APPEAL

Retain tax relief beyond January, government urged

Manufacturers say businesses are still reeling from Covid-19 pandemic shocks.

In Summary

•Last Friday, National Treasury CS Ukur Yatani said effective January 1, 2021, the government will revert to old taxes.

•In addition, through the Finance Act, 2020, government seeks to introduce a one per cent (1%) Minimum Tax.

KAM chairman Mucai Kunyiha/
KAM chairman Mucai Kunyiha/
Image: WILFRED NYANGARESI

Manufacturers in Kenya want the government to retain the Covid-19 tax relief beyond January.

This includes the VAT at 14 per cent , Income Tax Rate (Pay-As-You-Earn) at 25 per cent and Resident Income Tax (Corporation Tax) at 25 per cent, in place since April as part of cushioning individuals and companies from adverse effects of the pandemic.

The Tax Law (Amendment) Act, 2020 also gave a 100 per cent tax relief for persons earning up Sh24,000 and reduction of Turnover Tax rate for SMEs from three per cent to one per cent.

 
 

Last Friday, National Treasury CS Ukur Yatani said effective January 1,  the Corporate Tax rate will revert to 30 per cent with VAT going back to 16 per cent.

“However, the government will continue to cushion the low-income earners, by retaining 100 per cent tax exemption/relief for those earning monthly incomes of Sh24,000 and below,” Yatani said.

The Kenya Association of Manufacturers(KAM) however yesterday said the economy is still recovering from the brunt of the pandemic, with key sectors among them manufacturing yet to recover, hence the need to sustain the tax base at lower rates.

At present, businesses are still reeling from Covid-19 pandemic shocks. We urge government to retain these measures, since businesses, and Kenyans are still suffering from shocks arising from the virus,” KAM chairperson Mucai Kunyiha said.

In addition, through the Finance Act, 2020, government seeks to introduce a one per cent (1%) Minimum Tax to bring more enterprises into the tax bracket, despite their financial status, a move KAM is opposed to.

Introducing more taxes will worsen an already grim situation. Minimum tax will deter start-ups, increase consumers’ costs and cause the shrinking or closure of businesses. We, thus, recommend abolishing the tax,” Mucai told the Star.

A survey by the Kenya Private Sector Alliance (Kepsa), released late last month, indicated loss of customers for the manufacturing sector was at 88 per cent, market access challenges (63%) and difficulties collecting accounts receivable, that is bills and tax refunds, at 63 per cent.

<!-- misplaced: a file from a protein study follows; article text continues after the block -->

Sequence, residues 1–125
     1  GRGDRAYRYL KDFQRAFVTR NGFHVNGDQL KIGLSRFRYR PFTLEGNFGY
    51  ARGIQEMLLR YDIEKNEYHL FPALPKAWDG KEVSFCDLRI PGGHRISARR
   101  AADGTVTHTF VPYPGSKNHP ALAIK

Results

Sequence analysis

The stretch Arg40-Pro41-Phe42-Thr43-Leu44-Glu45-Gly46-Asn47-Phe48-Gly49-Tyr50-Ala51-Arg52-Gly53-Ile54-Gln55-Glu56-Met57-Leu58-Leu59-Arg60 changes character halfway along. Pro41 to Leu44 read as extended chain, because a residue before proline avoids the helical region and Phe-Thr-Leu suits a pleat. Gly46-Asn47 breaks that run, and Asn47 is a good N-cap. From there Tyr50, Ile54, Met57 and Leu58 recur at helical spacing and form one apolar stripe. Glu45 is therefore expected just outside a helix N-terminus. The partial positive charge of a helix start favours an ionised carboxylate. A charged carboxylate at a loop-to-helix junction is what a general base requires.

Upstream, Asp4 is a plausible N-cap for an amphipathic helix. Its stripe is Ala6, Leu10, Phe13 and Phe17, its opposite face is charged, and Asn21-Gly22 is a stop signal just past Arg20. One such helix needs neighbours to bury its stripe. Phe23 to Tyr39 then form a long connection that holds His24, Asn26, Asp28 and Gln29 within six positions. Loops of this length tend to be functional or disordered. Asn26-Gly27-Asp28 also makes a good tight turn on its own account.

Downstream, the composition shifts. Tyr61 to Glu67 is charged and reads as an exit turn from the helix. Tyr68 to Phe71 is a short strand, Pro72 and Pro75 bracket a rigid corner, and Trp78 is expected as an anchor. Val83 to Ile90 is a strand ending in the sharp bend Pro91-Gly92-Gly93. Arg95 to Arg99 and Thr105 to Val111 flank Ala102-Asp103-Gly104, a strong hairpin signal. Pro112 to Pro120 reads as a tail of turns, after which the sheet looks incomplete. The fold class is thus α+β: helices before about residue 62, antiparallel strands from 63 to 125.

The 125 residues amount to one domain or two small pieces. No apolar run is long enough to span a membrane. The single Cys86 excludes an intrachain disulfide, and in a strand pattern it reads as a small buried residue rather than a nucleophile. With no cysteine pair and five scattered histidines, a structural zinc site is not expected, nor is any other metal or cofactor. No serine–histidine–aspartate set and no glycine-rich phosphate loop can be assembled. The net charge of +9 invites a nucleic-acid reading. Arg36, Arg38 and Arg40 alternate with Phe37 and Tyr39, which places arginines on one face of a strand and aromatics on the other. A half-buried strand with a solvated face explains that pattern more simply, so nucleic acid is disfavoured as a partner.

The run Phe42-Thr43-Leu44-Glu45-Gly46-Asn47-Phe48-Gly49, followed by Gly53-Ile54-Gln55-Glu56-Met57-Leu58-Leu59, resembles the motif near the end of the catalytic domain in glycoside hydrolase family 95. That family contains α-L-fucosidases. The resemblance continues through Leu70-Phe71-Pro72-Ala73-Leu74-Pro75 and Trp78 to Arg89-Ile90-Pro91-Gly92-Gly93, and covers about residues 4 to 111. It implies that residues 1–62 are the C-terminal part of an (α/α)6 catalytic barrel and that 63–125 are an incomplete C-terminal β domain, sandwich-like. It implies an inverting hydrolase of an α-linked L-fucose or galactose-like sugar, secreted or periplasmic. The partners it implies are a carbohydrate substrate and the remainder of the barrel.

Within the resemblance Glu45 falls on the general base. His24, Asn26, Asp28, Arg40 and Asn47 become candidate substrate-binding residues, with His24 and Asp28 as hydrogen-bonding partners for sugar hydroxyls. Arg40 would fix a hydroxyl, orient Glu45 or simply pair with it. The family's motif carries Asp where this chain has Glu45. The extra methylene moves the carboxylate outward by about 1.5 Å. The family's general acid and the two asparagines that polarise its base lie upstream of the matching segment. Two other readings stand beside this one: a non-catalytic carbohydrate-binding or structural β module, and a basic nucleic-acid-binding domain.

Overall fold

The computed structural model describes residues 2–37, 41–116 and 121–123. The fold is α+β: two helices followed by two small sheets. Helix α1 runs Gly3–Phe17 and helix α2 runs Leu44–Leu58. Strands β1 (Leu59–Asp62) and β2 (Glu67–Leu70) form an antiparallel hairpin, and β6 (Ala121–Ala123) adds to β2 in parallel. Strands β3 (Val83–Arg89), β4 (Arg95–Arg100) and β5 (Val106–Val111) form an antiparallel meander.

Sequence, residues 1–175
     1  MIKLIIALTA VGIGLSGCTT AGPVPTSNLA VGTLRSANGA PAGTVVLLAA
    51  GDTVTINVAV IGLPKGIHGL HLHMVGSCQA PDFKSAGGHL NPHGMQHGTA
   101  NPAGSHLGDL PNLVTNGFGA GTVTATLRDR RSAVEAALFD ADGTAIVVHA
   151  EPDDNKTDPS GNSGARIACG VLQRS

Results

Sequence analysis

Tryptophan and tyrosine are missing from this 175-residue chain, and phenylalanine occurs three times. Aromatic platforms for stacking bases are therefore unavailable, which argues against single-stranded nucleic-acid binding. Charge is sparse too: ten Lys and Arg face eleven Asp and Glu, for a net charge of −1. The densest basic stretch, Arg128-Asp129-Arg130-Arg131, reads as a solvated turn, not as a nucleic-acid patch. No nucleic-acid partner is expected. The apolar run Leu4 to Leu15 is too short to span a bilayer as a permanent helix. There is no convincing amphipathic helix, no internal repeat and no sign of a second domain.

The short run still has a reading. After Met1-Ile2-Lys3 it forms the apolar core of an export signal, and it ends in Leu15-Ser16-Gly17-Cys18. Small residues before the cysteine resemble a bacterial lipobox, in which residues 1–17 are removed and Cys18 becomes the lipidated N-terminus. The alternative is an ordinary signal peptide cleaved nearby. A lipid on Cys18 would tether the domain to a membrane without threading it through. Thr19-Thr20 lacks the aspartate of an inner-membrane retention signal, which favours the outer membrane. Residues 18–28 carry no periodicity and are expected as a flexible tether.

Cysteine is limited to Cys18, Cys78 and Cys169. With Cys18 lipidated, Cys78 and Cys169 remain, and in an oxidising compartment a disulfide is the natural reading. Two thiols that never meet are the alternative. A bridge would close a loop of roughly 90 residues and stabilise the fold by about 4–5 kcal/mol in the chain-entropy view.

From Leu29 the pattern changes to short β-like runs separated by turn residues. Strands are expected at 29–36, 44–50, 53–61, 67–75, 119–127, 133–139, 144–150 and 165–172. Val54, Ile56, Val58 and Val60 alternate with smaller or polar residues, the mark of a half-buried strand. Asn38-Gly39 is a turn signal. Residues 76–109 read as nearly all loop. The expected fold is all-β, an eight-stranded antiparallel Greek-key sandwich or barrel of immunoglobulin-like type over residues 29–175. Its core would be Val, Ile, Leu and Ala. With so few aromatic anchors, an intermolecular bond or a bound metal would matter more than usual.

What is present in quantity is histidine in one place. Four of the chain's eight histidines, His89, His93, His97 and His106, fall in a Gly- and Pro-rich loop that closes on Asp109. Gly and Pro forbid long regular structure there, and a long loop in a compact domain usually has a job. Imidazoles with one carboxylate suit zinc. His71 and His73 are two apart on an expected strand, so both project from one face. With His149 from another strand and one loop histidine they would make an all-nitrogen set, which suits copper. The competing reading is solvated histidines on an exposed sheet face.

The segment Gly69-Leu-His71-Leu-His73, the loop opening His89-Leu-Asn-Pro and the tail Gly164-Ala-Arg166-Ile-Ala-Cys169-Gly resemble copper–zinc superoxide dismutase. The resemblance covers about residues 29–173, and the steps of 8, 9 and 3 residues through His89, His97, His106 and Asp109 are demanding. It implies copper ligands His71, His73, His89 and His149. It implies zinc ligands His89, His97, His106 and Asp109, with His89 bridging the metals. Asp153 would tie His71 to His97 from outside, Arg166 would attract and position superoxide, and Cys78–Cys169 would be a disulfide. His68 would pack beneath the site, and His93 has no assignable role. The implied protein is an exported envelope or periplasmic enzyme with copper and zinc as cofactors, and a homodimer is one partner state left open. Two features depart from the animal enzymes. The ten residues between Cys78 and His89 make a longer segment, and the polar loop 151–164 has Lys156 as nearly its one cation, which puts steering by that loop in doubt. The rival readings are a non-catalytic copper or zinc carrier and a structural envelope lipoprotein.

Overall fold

KAM has called for a predictable policy environment to help stabilise the sector, a key pillar in President Uhuru Kenyatta's Big Four Agenda.

“In order to increase the resilience of local industry, predictable and stable policy initiatives are critical. This entails the development of succinct fiscal and regulatory policies and initiatives that encourage investments in the sector,” CEO Phylllis Wakiaga said.

The association's membership constitutes 40 per cent of manufacturing value-add industries in Kenya and comprises of small, medium and large enterprises.

Over 80 per cent of these are based in Nairobi, while the rest are located in other major towns and regions, including Coast, Nyanza, Western, Nakuru, Eldoret, Athi River, Nyeri and Thika.

“Our focus now as a country should be overcoming the pandemic. This will also enable other sectors of the economy to recover from its effects,” Mucai said.

The quarter three Manufacturing Barometer indicates 33 per cent of local manufacturers have a positive outlook of the economy, for the fourth quarter (October-December 2020).

About 44 per cent of surveyed manufacturers expect a positive performance of their businesses between October 2020-March 2021.

The National Treasury is however keen to return to the traditional tax levels as the relief is expected to see government forgo tax revenues totalling Sh65 billion by December 31.

Kenya Revenue Authority has also been struggling to raise revenues as a result of the pandemic which has hit different sectors of the economy, putting government under pressure of accumulating debt to bridge its budget deficit.